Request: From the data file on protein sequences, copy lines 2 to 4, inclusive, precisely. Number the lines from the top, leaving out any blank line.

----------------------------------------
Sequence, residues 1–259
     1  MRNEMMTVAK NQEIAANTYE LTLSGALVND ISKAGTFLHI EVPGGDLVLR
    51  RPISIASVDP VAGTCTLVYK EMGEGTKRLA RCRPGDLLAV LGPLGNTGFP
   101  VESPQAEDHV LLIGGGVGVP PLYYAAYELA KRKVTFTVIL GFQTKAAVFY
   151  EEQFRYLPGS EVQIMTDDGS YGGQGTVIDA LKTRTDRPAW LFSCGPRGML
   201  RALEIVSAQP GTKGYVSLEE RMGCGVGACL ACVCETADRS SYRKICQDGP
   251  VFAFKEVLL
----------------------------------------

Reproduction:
     1  MRNEMMTVAK NQEIAANTYE LTLSGALVND ISKAGTFLHI EVPGGDLVLR
    51  RPISIASVDP VAGTCTLVYK EMGEGTKRLA RCRPGDLLAV LGPLGNTGFP
   101  VESPQAEDHV LLIGGGVGVP PLYYAAYELA KRKVTFTVIL GFQTKAAVFY